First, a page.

In April 2018, Microsoft announced that Azure Container Instances (ACI) is now ready for production usage. Azure Container Instances offers the fastest and simplest way to run a container in Azure, without having to provision any virtual machines. With Azure Container Instances, you can easily run containers with a single command and in a few seconds. In the initial ACI preview, Microsoft said that customers were mainly using the services for batch processing and continuous integration. To get information about pricing, please read this page: https://azure.microsoft.com/en-us/pricing/details/container-instances/
ACI lets you create Linux or Windows Containers without the need to deploy a Container host, so in other words, ACI is serverless, and it works like a charm!
So in this article, I will describe how to create a simple Container using Azure Container Instances (ACI). In the first part, I will describe ACI using the Azure Portal and the command line, and in the second part, I will describe Azure Container Registry.
Note: ACI can be controlled by Kubernetes using portable API Connector. You don’t need to run Kubernetes in Azure to use this feature; all you need is a public IP address for the ACI Kubernetes APIs.
How Azure Container Instances works? ACI will simply assign an existing Virtual Machine to your container, so you will be up and running in seconds. Once deployed, your container is up and running with either a public IP address or a private internal address. To go further with Azure Container and orchestration, I advise you to read the following article by Florent Appointaire to learn more about Azure Container Service: https://www.starwindsoftware.com/blog/azure-container-service-how-to-start-correctly or Azure Kubernetes Service (AKS) https://azure.microsoft.com/en-us/blog/introducing-azure-container-service-aks-managed-kubernetes-and-azure-container-registry-geo-replication/
Go to the Azure Portal, and click “Create a resource”, then browse to “Containers” and click “Container Instances”:
A new blade will appear to create the Container Instance. Enter the following information:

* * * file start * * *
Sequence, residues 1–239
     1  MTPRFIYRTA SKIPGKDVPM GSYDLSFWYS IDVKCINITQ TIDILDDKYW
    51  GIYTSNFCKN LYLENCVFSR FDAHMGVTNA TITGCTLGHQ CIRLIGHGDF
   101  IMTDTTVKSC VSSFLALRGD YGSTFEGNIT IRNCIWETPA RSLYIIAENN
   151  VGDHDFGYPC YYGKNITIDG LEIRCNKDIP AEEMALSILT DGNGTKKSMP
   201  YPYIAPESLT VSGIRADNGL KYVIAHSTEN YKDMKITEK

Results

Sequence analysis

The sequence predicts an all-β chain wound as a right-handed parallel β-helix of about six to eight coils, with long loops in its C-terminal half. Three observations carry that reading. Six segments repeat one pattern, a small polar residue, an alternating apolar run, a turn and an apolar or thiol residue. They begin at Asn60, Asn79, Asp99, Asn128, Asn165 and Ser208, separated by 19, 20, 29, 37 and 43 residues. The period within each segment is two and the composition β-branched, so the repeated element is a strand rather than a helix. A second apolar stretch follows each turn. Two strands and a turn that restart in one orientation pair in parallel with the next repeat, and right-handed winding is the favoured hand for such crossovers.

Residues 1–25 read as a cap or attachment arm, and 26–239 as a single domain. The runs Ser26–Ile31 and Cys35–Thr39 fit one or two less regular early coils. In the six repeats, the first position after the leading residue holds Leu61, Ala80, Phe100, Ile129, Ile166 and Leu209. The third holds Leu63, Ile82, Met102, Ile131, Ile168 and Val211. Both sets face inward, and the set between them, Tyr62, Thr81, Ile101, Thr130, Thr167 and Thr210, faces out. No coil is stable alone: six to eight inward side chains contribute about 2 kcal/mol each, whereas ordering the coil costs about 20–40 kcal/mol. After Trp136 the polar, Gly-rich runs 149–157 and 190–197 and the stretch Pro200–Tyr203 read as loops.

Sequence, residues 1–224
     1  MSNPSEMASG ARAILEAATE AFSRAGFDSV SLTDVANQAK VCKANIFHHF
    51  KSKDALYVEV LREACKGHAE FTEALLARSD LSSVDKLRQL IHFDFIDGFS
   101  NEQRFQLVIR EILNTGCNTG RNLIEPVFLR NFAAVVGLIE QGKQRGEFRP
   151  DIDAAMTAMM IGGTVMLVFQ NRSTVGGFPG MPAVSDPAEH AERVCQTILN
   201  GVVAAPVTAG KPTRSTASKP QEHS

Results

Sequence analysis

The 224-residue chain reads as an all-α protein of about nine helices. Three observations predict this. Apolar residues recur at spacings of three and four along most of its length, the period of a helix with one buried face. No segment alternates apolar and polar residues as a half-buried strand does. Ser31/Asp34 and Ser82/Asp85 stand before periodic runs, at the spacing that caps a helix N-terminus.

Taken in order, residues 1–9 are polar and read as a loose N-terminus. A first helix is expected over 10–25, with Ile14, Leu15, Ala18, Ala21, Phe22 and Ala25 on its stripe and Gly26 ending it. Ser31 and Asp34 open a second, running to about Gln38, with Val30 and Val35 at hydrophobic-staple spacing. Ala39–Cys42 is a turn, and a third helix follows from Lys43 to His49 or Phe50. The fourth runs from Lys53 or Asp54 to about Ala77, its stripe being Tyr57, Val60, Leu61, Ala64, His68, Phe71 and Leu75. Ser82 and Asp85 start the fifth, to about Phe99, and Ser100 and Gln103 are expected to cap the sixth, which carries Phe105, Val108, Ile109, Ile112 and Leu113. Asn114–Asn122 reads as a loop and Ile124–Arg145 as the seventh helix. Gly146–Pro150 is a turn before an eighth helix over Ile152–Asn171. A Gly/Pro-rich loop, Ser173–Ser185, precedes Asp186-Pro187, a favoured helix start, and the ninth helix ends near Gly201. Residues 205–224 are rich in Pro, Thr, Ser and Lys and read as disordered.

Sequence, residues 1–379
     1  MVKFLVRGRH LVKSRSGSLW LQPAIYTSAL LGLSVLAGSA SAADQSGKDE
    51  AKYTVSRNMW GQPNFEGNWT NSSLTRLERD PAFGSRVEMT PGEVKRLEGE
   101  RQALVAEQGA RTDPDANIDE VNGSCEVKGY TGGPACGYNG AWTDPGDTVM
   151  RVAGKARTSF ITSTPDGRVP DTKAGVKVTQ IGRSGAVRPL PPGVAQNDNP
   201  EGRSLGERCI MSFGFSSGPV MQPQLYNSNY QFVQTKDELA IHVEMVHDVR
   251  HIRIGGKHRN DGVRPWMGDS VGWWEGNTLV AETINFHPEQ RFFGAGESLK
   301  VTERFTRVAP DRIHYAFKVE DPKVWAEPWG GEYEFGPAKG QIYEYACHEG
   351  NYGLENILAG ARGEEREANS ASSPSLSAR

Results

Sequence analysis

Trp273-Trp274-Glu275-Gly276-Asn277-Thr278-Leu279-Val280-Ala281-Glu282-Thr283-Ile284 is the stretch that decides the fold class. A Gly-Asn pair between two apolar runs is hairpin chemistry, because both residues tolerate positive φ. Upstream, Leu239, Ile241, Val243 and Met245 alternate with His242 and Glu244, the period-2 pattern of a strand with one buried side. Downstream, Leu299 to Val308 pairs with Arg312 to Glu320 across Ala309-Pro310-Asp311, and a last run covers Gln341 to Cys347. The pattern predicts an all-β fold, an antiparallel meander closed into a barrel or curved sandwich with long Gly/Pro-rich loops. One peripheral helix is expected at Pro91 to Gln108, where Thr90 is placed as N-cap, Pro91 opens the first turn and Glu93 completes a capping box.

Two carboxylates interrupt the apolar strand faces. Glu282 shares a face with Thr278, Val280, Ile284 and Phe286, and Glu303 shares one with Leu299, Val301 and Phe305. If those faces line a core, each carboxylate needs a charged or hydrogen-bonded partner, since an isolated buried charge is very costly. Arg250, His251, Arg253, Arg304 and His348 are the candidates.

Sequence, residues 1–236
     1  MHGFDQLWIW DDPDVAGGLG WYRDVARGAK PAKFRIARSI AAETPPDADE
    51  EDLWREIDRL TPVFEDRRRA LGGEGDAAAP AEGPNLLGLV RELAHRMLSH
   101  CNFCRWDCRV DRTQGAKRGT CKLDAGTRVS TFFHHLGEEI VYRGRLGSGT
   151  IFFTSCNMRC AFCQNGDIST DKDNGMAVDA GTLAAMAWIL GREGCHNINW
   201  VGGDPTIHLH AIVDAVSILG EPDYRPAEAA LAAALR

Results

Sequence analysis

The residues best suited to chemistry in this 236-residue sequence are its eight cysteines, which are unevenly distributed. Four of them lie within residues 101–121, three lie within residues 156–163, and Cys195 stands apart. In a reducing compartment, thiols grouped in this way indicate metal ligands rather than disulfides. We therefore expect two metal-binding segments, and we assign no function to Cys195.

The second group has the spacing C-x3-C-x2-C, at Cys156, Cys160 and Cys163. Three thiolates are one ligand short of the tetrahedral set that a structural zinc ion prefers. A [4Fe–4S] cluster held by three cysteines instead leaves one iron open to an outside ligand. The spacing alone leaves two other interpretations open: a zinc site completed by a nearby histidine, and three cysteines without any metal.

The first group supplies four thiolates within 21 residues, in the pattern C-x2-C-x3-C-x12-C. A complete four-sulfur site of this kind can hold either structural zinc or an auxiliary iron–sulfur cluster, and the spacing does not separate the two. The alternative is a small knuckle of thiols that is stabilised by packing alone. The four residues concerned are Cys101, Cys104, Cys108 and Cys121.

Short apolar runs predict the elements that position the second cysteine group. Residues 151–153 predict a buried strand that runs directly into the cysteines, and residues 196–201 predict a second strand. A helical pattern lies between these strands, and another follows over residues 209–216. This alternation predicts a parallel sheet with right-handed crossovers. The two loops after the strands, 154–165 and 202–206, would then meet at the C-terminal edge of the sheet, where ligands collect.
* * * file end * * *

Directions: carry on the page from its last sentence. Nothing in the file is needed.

- Container Name: Enter a friendly name for your Container Instance
- Container Image Type: Depending your needs, but in my case, I want to use a public image from the Docker Hub.
- Container Image: You must specify the URI or Docker Hub tag of the public image. For instance, you can use the “microsoft/aci-helloworld” image to run a very basic “Hello World!” within your Container.
- Subscription: Select your Azure Subscription
- Resource Group: Select an existing Resource Group or create a new one
- Location: Select the location in which the Container Instance will be located
Once you are ready, click “Next” to configure your Container:
Here, you must configure the Container Instance:
- OS Type: Depending your Container Image, you will select “Windows” or “Linux”
- Number of cores and Memory: You can customize your Container Instance
- Networking: If you want to expose your Container Instance on Internet, then select “Yes”
- DNS Name Label: This is the friendly name you will use to reach your Container Instance
- Port: By default, the port number will be 80. This port will be opened in order to access to your Container Instance.
- Open Additional Ports: You can open additional ports but ports 80 and 443 are commonly used for containers.
- Restart Policy: Select when your Container Instance should restart: “Always”, “On failure” or “Never”.
- Environment variable: You can set some environment variables within the Container.
- Command override: This is the first command to execute within the Container.